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Posted on Sun, Feb 3, 2013 : 5:51 a.m.

Berlin Philharmonic Wind Quintet offering a mix of old and new at Rackham

By Susan Isaacs Nisbett


The Berlin Philharmonic Wind Quintet

photo by Peter Adamik

All professions, including live performance, carry with them the risk of the habitual. We’ve all heard orchestras “phoning it in,” for example, offering routine playing, without any spark.

But “drudgery is not a risk in the Berlin Philharmonic,” according to Berlin Philharmonic horn player Fergus McWilliam.

McWilliam joined the Berlin Philharmonic under the celebrated Herbert von Karajan, is a former trustee of the Berlin Philharmonic Foundation and a founding member of the Berlin Philharmonic Wind Quintet, whose five members appear here Saturday evening at Rackham Auditorium, along with Ann Arbor-based pianist Martin Katz. And McWilliam is quick to assign credit for the orchestra’s razor’s edge playing to its attention to chamber music.

“We listen to each other. The orchestra is a giant chamber music ensemble,” he said in a recent phone call from Berlin.

McWilliam is fond of a quote, erroneously assigned to him, that nonetheless “gets the point across,” he said. “We don’t follow conductors; we do pay attention to conductors.”

“We react like a chamber music ensemble, as if there were no conductor. That’s because everyone has these skills at hand and honed.”


The Berlin Philharmonic Wind Quintet

  • Who: Chamber group affiliated with the acclaimed orchestra. With pianist Martin Katz.
  • What: Music of Mozart, Danzi, Aho, Ibert, Milhaud and Poulenc.
  • Where: Rackham Auditorium, 915 W. Washington St.
  • When: Saturday, Feb. 9, 8 p.m.
  • How much: $26-$52, UMS Michigan League Ticket Office, (734) 764-2538; and online at
The Berlin Philharmonic Wind Quintet, which has a “world’s best” reputation to match the orchestra’s own, has been honing those skills since its 1988 founding. It is one of some 35 chamber ensembles in which orchestra members regularly participate.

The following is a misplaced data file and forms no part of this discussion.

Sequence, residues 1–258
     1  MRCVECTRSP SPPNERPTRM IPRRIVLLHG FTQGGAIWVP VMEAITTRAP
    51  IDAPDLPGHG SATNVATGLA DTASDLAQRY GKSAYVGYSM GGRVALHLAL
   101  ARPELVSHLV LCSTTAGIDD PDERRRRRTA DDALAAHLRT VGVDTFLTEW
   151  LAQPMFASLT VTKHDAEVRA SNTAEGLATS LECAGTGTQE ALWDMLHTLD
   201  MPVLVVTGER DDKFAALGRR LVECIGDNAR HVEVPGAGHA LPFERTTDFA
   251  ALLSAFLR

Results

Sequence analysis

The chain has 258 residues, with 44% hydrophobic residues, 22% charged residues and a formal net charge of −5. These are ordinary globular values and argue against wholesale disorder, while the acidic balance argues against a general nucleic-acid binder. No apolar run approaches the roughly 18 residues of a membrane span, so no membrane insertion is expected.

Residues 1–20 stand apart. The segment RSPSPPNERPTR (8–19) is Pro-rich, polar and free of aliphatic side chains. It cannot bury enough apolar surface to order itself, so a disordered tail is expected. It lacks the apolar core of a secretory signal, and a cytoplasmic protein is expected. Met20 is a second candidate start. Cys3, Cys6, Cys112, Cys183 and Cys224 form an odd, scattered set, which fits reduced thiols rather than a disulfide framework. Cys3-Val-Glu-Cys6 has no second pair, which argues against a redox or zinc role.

Last heard in Ann Arbor in 1995, for its 2013 visit the ensemble—composed of McWilliam; flutist Michael Hasel; oboist Andreas Wittmann; clarinetist Walter Seyforth; and bassoonist Marion Reinhard—brings repertoire both new and established.

On the bill are an arrangement, by the quintet’s Hasel, of Mozart’s Fantasy for Mechanical Organ, K. 608; Danzi’s Quintet in F Major, Op. 68, No. 2 (1813-14); Kalevi Aho’s Windquintet (2006); Ibert’s “Trois pieces breves (1939); Milhaud’s “La cheminee du roi Rene (1939); and Poulenc’s Sextet for Wind Quintet and Piano (1939).

With Ibert, Milhaud and Poulenc on the second half, the program boasts not only three pieces from the same year, but three pieces by French composers.

“Each is a masterpiece of the French repertoire,” said McWilliam, noting the importance of the France to the wind literature.

“In the second half of the 19th century, the French pushed the envelop on wind repertoire,” he said, motivated by great virtuosos who could get more from their instruments as technical capabilities extended the range of what was possible.

“The players wanted more and more,” he said.

The Ibert and Milhaud are old friends for the quintet, figuring on their earliest CDs. And McWilliam said he and the other quintet members are excited about joining with Katz, the University of Michigan’s celebrated collaborative pianist, for the Poulenc, with its “exceedingly French 1920s sound.” “We’re really looking forward to working with Martin Katz on it,” he said.

The first half, in addition to the Danzi, brings a novelty in the form of the Mozart “Fantasy for Mechanical Organ, K. 608, one of three works Mozart composed for this instrument, which McWilliam desribes as a “wind player organ.”

Usually, said Mc William, the group eschews arrangements “at all costs.” But, he added, “when you analyze these pieces, they are remarkable explorations of baroque rhythms and forms. And then these instruments stopped being built, so nobody could ever hear them again.”

So the audience gets to hear a work that is, in a sense, otherwise condemned to silence. The most recent work on the program, the Aho Windquintet, is a piece for which McWilliam predicts a robust future, on the other hand. The group has recorded it for the Swedish record label Bis, which has a complete catalog of Aho’s work, and McWilliam describes it as “fascinating, physically very demanding, extraordinary writing.”

“It’s emotionally sentaimental, folksy, deep and inventive,” he went on, “and it is a chance for five musicians to sound like a large ensemble. It also has everything including the kitchen sink.”

At one point, he noted, the musicians move toward each other from backstage positions. “It’s captivating,” he concluded. “Everybody finds something that gets them.”